2. Normal function of the diluting segments (ascending limb of the loop of Henle and DCT). Tubular fluid is diluted in the water-impermeable ascending limb of the loop of Henle and DCT by the reabsorption of sodium chloride. Sodium is transported on the Na+-K+-2Cl cotransporter in the thick ascending limb of Henle and the thiazide-sensitive NaCl cotransporter in DCT. It is in the diluting segments, where Uosm declines to less than Posm, that free water is generated.

3. Absence of AVP. Arginine vasopressin must be suppressed so as to prevent solute-free water reabsorption in the collecting duct. This factor is of primary importance because the renal interstitium remains slightly hypertonic even during a water diuresis. Therefore, if the collecting duct were water permeable, osmotic equilibration of fluid between the tubular lumen and interstitium would concentrate the urine and impair water excretion.

AVP is released from the posterior pituitary, enters the bloodstream, binds to its receptor (V2) in the basolateral membrane of the collecting duct, adenylate cyclase is activated, cyclic adenosine monophosphate (AMP) generated, and water channels (aquaporins—AQP2) insert into the apical membrane increasing membrane water permeability. AVP also increases the expression of the UT-1 urea transporter in the inner medullary collecting duct facilitating urea reabsorption and increasing the osmolality of the medullary interstitium.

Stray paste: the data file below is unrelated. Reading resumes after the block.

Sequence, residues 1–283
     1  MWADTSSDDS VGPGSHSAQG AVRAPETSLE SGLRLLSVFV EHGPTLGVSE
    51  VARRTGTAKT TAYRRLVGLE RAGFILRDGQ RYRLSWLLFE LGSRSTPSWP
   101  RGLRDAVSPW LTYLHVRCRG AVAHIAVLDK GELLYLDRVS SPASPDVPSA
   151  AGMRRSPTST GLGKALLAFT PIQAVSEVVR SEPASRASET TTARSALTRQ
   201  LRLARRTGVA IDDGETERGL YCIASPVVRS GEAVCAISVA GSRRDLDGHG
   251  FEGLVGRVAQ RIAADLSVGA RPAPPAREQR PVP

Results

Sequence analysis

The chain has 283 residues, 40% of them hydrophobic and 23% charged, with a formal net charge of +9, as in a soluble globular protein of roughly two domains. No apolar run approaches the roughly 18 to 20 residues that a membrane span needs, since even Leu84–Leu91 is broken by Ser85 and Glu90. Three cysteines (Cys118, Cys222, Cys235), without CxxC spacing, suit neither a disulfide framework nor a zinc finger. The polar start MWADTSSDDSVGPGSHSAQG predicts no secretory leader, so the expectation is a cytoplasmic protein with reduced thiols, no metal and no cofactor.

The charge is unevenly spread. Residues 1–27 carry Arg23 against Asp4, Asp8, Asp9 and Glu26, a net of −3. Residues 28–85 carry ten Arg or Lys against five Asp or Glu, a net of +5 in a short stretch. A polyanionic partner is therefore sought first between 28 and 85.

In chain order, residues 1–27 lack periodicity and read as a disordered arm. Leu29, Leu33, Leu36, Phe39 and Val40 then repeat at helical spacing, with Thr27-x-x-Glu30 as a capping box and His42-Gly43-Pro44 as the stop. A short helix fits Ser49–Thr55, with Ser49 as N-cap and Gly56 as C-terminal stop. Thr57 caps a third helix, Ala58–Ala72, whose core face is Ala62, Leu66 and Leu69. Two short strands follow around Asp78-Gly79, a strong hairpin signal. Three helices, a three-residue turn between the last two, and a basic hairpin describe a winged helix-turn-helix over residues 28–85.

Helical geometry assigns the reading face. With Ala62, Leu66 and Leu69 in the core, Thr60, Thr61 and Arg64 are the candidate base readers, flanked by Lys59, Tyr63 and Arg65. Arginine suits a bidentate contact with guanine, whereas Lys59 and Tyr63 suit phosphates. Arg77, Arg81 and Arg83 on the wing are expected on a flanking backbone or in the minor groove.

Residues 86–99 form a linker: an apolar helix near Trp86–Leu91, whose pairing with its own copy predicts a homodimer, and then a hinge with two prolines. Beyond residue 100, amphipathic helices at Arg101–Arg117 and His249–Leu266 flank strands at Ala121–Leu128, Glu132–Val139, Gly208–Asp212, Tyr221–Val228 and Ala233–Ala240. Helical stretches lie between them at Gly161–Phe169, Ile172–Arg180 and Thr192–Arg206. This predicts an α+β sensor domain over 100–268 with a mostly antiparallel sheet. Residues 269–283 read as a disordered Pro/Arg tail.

AVP is released in response to osmotic and nonosmotic stimuli. An increase in ECF osmolality as little as 1% stimulates AVP release and the relationship of AVP to Posm is linear (Figure 3.1). Nonosmotic stimuli are associated with changes in autonomic neural tone such as physical pain, stress, hypoxia, and decreases in effective arterial blood volume. The nonosmotic pathway is less sensitive and requires a 5% to 10% decrement in blood volume to stimulate AVP release. Once the threshold is reached, however, the rise in AVP concentration is geometric (Figure 3.1). Defense of volume has priority. AVP concentration increases and stimulates renal water reabsorption protecting volume at the expense of hyponatremia. It is more important for the body to maintain blood volume than to maintain tonicity. The volume-depleted patient may become profoundly hyponatremic because nonosmotic stimuli for AVP release predominate over osmotic stimuli. AVP also has a pressor effect mediated via the V1 receptor, contributing perhaps 10% to mean arterial pressure during volume depletion. Thus, AVP is normally osmoregulatory, but during stress becomes a volume regulatory hormone. As a general principle the kidney will always act to preserve blood and ECF volume at the expense of electrolyte and acid–base homeostasis. Nonosmotic AVP release is the key pathophysiologic process in the majority of patients with hyponatremia.

4. Adequate solute intake. Although the kidney has an enormous capacity to generate free water, it cannot excrete pure water. The lowest Uosm attainable in humans is 50 mOsm/kg. One of the main roles of the kidney is to eliminate the dietary osmolar load (approximately 10 mOsm/kg). The volume of urine required to achieve this is expressed in the equation below:


FIGURE 3-1. Changes in plasma AVP induced by alterations in osmolality or blood volume. Note that response to changes in osmolality are linear, whereas response to changes in blood volume approximates an exponential curve.